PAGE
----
Sanofi-Aventis is set to become the third drug major to switch to an exclusive distribution system for its medicines in the UK, with the announcement that, from November 1, its products will be distributed by AAH, Phoenix and UniChem only.
The change is being made to improve supply-chain efficiency and integrity in the delivery of its medicines to patients, said the French-based drugmaker. The three firms will offer 100% national coverage across the UK, including Northern Ireland, there will be no change to their wholesaler status and they will continue to control both discounts and delivery frequency, it added.
Announcement of this latest limited distribution deal was embargoed until this morning (July 30), so representatives of the wholesaling industry have yet to comment. However, the British Association of Pharmaceutical Wholesalers (BAPW) has been fiercely critical of the first two such arrangements, announced by Pfizer last October and AstraZeneca in April this year, warning that these “new and varied distribution arrangements” could damage the robustness of the pharmaceutical supply chain and the ability of patients to receive medicines quickly and easily, with the potential for hidden costs to the National Health Service (NHS).
Pfizer announced its ground-breaking sole-supplier deal with Alliance Boots unit UniChem last September, stating that selling its prescription medicines direct to UK pharmacists and dispensing doctors would enable it secure the supply chain for its medicines and reduce the risk of counterfeit medicines. In March this year, the deal was unsuccessfully challenged in the High Court by a group of eight wholesalers, including AAH, which then in April was named by AstraZeneca as one of just two wholesalers alongside UniChem, which would distribute its products in the UK from later this year. Commented AAH group managing director Steve Dunn: “Pharmacists will be relieved that this is not another single-channel scheme like that implemented by Pfizer which relies upon one agent to meet the complex demands of every pharmacy, hospital and dispensing doctor everywhere in the UK.”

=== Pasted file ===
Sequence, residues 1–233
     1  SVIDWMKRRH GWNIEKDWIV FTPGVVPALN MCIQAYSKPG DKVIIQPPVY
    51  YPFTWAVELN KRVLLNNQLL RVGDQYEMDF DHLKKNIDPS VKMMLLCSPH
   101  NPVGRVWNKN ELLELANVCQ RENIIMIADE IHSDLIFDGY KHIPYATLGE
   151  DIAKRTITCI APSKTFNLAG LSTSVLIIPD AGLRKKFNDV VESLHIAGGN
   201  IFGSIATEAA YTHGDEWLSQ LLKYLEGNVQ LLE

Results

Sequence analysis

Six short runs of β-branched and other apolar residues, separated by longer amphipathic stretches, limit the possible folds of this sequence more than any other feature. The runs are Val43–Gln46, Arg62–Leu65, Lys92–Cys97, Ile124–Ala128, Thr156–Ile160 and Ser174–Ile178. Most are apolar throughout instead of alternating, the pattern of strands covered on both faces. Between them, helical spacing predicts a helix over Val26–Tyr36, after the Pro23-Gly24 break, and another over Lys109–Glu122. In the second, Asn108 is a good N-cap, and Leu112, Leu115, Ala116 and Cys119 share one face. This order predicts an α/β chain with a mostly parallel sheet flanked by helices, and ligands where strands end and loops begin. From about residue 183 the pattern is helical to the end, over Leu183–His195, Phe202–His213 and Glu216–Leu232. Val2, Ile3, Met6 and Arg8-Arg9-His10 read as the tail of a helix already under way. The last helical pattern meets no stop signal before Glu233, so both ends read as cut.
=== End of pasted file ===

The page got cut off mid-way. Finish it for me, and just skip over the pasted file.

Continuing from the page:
However, AstraZeneca has now said that implementation of the new distribution arrangements will be delayed until early next year.
Scepticism over counterfeit claims
Many observers are highly sceptical about the companies’ claims that
they are taking these steps to minimise the risk of counterfeit medicines entering the supply chain, and believe that their real motive is to destroy the parallel imports market. And some experts believe that such distribution deals will actually worsen the risk of patients receiving counterfeit medicines; an across-the-board take-up of such programmes could lead to pharmacists looking to buy their products elsewhere, including from “less reputable sources,” warned Dispensing Doctors Federation chief executive David Baker, speaking at the BAPW annual conference earlier this year.
However, according to Sanofi-Aventis UK supply chain director, Mike
Isles, the new arrangements will enable the company “to maintain the
service levels that our customers experience today, whilst improving
supply chain efficiency in the delivery of our medicines to patients.”
AAH, Phoenix and UniChem already distribute nearly 90% of all medicines in the UK, and pharmacists should already have existing arrangements with one or more of these wholesalers, ensuring continuity of supply, the company adds. Meantime, as other drugmakers, including Eli Lilly and Novartis, are reported to be readying their own limited distribution deals, a
market study into the new arrangements by government watchdog the
Office of Fair Trading (OFT) is due to report its findings by the end
of the year.